In the aviary, this friendly pair of Bleeding Heart Doves was building a nest three feet off the ground right next to the busy walkway. From the back, they look like common pigeons, but their fine chest feathers sport the shocking red spot that gives them their name.
Inside the cool air conditioned Lee H. Brown Conservation Learning Center, several docents were encouraging visitors to feel the spiny skin of the reptiles.
Folks of all ages enjoyed learning about these cold-blooded scaled wonders of nature.
Back outdoors, I noticed the warty, spiky surfaces of plants like the pachypodium.
I was surprised to find out that this deeply wrinkled pachyderm is younger than I am.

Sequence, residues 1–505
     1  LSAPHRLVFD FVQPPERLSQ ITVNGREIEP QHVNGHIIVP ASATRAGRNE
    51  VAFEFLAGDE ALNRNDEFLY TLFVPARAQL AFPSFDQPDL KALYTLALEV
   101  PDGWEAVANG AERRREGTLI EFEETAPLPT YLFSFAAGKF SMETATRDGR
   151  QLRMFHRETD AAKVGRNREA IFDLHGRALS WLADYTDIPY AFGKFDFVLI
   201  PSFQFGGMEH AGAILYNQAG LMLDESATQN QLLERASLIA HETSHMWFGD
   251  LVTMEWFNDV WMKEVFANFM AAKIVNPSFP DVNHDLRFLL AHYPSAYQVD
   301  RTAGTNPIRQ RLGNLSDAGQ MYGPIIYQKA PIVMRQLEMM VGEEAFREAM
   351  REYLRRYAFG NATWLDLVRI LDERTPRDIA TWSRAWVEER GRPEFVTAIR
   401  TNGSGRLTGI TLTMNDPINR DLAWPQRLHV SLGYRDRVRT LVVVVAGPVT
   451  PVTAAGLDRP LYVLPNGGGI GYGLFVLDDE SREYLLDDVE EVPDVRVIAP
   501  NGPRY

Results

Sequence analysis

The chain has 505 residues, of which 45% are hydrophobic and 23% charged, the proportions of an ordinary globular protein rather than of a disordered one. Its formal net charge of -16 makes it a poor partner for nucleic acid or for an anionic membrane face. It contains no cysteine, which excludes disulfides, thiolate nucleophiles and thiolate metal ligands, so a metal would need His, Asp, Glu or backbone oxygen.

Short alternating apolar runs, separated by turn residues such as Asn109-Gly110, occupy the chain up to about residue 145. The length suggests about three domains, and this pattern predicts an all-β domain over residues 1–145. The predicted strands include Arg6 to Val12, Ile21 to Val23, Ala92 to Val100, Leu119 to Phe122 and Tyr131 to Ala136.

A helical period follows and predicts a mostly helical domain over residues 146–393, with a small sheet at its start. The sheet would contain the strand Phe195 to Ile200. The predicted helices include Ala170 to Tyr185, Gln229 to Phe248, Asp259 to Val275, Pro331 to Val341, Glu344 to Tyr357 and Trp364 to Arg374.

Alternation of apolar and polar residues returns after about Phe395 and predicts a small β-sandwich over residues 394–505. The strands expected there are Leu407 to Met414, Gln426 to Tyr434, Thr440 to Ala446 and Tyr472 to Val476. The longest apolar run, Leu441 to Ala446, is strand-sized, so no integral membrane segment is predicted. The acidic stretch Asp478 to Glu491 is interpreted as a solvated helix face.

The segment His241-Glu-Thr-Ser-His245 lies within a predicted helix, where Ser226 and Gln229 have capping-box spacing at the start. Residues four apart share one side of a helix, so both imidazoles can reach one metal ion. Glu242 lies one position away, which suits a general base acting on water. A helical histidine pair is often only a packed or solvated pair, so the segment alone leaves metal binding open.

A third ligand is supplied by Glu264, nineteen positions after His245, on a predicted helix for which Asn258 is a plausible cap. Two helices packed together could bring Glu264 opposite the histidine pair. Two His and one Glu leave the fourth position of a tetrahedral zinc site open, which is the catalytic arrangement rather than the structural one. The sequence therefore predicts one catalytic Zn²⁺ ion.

The fancy head feathers of these constantly moving Victoria Crowned Pigeons looked like frizzy blue clouds. I was reminded of Patty and Selma Bouvier, Marge's blue-haired twin sisters on The Simpson's cartoon.
For $2, one can feed a giraffe a biscuit or lettuce leaf and marvel at the animal's 18" long, black rough-textured tongue.
All giraffes have unique coat patterns. Like human fingerprints, no two giraffes are alike. This mosaic-like pattern sort of resembled the chain link fence.
Perhaps you're tempted now, to reach out and explore textures in your neck of the woods.
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